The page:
Some lawmakers have begun bringing firearms to the state Capitol, citing a growing fear of Rep. Daniel Patterson, whose alleged hostile outbursts and erratic behavior were detailed in an investigative report on Monday.
Rep. Ruben Gallego, a Phoenix Democrat and Iraq war veteran, said he brought his 9mm pistol to work today.
Gallego said that bringing a weapon to the Capitol is just one safety precaution being taken while Patterson is facing ethics charges – and possible expulsion from the House of Representatives – in connection to his domestic violence charges.
“Some state representatives are having security walk them from place to place, other state representatives have brought their personal weapons to work,” Gallego said.
Gallego said he knows of at least three other House members from both parties who are carrying weapons, but he wouldn’t identify them.
“Just look for the bulge in the lower back or the bulge at the ankle,” Gallego said.
Gallego said he always takes safety precautions when he carries his weapon, and he said he will not actually bring it to the floor. Rather, he said he keeps it in his office.
House Minority Leader Chad Campbell refused to say whether he brought a gun to the Capitol grounds, but did make a point of saying that he didn’t bring one into the building. He said he also has heard that other lawmakers are arming themselves.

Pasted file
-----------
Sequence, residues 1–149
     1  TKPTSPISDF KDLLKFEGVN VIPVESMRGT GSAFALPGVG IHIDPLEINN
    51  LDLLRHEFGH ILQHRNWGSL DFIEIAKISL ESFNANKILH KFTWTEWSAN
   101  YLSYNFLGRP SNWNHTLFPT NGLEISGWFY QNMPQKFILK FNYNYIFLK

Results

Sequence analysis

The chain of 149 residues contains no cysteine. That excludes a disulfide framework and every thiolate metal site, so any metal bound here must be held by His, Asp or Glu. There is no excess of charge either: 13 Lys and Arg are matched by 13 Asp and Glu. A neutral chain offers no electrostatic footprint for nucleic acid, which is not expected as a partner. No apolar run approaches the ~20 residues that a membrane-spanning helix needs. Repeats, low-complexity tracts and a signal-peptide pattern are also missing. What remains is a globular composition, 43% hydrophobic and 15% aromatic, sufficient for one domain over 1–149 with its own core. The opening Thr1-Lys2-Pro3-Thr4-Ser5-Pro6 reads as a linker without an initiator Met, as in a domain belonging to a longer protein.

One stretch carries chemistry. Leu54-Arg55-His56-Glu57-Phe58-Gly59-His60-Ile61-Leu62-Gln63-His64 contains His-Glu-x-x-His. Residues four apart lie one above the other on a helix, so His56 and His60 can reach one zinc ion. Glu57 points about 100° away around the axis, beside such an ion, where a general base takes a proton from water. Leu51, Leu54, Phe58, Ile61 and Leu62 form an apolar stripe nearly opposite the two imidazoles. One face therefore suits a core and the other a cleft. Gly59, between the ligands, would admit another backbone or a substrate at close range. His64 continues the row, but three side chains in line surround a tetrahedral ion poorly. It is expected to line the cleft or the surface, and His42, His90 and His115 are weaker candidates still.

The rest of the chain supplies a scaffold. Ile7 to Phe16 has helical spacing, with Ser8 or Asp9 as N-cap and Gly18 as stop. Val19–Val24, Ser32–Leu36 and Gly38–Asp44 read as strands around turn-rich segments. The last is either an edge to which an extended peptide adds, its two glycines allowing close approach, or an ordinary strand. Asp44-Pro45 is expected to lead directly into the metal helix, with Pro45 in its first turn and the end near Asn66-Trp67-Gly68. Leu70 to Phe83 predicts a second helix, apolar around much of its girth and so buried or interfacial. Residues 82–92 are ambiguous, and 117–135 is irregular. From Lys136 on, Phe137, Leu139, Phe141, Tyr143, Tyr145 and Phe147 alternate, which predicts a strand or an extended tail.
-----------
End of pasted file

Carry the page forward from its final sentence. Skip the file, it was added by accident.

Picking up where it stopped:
“Look, I don’t have one on me right now,” Campbell said from the House floor. “I didn’t bring one onto the floor or into the building.”
During a press conference held immediately after House Democrats unsuccessfully tried to have Patterson expelled from the House, Campbell explained why there is such an urgent sense of danger.
Campbell said the wide-ranging description of Patterson’s behavior found in the ethics report released on Monday confirms separate allegations about Patterson that have long been whispered at the Capitol.
“You hear things here and there. Some things you may think are true, some things you may think are rumor, but you don’t hear everything obviously. And none of us knew the full extent of what was going on until we read this report,” Campbell said. “This behavior, this pattern, is not getting better. It’s getting worse.”
Patterson earlier told the Arizona Capitol Times that claims of lawmaker safety being threatened are “ridiculous.”
“I’m not a threat to anyone. There’s no reason for anyone to be concerned,” he said in a voicemail message on Monday evening. “I think it’s outrageous how low people will stoop with these ridiculous allegations.”
Campbell said that if something tragic were to happen at the Capitol because Patterson is allowed continued access to it, it would be the result of not taking swift action to remove Patterson or severely restrict and monitor him.
Campbell said that as an alternative to immediate expulsion, he would be amenable to having Patterson escorted by security to the floor only to cast votes, and to restrict him from any other activity at the Capitol.
Campbell said House Speaker Andy Tobin has not taken those actions yet, despite his requests.